Wendy Williams made it plain. She gave voice to a notion of assimilation that we, in one or some ways, have all bought into. She simply said that striving for peace and tolerance, regardless of how much culture or pride or autonomy we have to concede to get it, is the best way to be accepted in America.
We didn’t like it because she used HBCUs and the NAACP as an example of how we use the tactic of segregation to fit our agenda, but then criticize white America for using the same tactics.
No, she isn’t smart enough to understand that black organizations, like HBCUs and the NAACP, work to advance the common good of the race, and thereby the nation in which its members live, because her context for a stronger nation is not what’s good for one group, but what is good for all groups seeking harmony.
She’ll probably never make the connection that the organizations exist, because there never has been and never will be anything that closely resembles racial equality in our nation. Nothing in America’s history, or contemporary trends suggests the opportunity and freedom will be guaranteed for us as it is for so many others.
But because she has a platform, and because she’s made it to the top of the heap of celebrity gossip and daytime talk, the opportunity to masquerade ‘Black Survival’ as ‘Black Excellence’ again reared its ugly head.
And whether we like it or not, she does get to be an expert of sorts, because she is black.
But what Wendy Williams isn’t is just a mouthpiece who arbitrarily went off on the notion of black scholarship, advocacy and development spaces being anti-American and counterproductive to race relations.
She’s just stupid enough to translate for America the exact same thing black folks at large have been saying in our own quiet way for more than 50 years about black colleges, minus the massive outcry from the black community.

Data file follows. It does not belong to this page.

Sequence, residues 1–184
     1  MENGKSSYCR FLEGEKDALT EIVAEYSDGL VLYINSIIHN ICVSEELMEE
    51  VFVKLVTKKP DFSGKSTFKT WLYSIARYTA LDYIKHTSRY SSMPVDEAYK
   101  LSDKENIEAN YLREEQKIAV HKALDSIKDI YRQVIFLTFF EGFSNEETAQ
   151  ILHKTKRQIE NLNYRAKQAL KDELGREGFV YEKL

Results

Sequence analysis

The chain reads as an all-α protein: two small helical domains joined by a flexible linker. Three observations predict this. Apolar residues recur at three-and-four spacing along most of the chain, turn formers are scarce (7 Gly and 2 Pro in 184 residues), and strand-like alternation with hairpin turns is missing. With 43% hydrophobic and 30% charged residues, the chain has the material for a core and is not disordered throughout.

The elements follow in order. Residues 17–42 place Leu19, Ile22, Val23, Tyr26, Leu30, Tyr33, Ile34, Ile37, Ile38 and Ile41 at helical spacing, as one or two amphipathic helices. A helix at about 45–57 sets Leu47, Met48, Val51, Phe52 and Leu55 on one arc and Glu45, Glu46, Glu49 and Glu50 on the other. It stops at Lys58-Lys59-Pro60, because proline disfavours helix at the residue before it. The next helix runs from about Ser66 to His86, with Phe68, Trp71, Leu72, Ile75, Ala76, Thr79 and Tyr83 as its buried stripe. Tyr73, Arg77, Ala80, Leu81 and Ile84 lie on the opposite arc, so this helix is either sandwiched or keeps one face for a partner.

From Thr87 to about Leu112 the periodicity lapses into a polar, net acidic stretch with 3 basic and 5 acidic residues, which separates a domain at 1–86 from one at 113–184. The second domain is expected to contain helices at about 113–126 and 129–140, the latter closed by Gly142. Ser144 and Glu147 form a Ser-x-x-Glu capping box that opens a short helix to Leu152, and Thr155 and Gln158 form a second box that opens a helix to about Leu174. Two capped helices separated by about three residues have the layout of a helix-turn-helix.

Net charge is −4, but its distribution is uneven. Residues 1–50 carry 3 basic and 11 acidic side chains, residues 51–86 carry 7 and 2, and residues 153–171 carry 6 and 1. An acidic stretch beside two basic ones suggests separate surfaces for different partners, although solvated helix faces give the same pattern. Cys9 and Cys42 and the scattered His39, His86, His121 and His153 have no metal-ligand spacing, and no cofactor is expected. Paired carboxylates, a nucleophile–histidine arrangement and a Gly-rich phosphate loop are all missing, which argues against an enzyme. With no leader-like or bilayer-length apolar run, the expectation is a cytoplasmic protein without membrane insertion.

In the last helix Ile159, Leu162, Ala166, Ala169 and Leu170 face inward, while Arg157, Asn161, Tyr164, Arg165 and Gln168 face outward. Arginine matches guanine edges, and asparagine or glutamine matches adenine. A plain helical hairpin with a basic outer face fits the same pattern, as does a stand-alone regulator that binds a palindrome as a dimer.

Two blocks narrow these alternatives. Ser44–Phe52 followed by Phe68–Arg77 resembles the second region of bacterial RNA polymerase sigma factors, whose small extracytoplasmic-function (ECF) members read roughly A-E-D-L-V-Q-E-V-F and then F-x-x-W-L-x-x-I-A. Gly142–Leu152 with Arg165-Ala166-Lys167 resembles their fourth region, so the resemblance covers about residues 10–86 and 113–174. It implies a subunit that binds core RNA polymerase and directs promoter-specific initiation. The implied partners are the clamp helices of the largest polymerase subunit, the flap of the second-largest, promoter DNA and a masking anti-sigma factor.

Do we criticize black athletes who won’t consider playing at our schools? Do we criticize our children, of whom only two out of every ten attend an HBCU?
Do we criticize ourselves as graduates when we don’t give back, come back, or reach back for young people coming out of our colleges?
Do we criticize black faculty who refuse to teach at HBCUs because the wages are low and the work output is high?
Do we criticize black elected officials in Washington D.C. and throughout the country who feign love for black colleges, but refuse to write legislation protecting them from drastic budget cuts, changes in governance, or to encourage enrollment?
Do we criticize black HBCU board members who idly allow political machinations to select presidents, determine academic programs and marginalize HBCU missions?
Do we criticize black media for refusing to regularly cover HBCU issues?
Do we criticize black clergy who have allowed too many private HBCUs to fall into inoperable disrepair and closure?
Did we criticize the first black president of the United States who has done more to harm HBCUs than any president preceding him?
If we can criticize Wendy Williams for questioning the value of black colleges, then we should be fully active in criticizing every person who actively works to diminish the value of black colleges in conscious or unconscious ways.
The answers don’t lie in the work of a few Twitter Hoteps or some HBCU alumni chapters, or even this site committed to covering HBCU news. They lie in what we actually do, as a people, to advance the common good of the race.
In higher education, that means all black folks supporting all HBCUs at all costs and in all ways.
Wendy Williams was talking about assimilation. But that’s all she was doing. We’ve been living assimilation out for years.
And because no one dragged us through the Internet for our negligence, maybe we should avoid dragging her without the proper context on our own failings.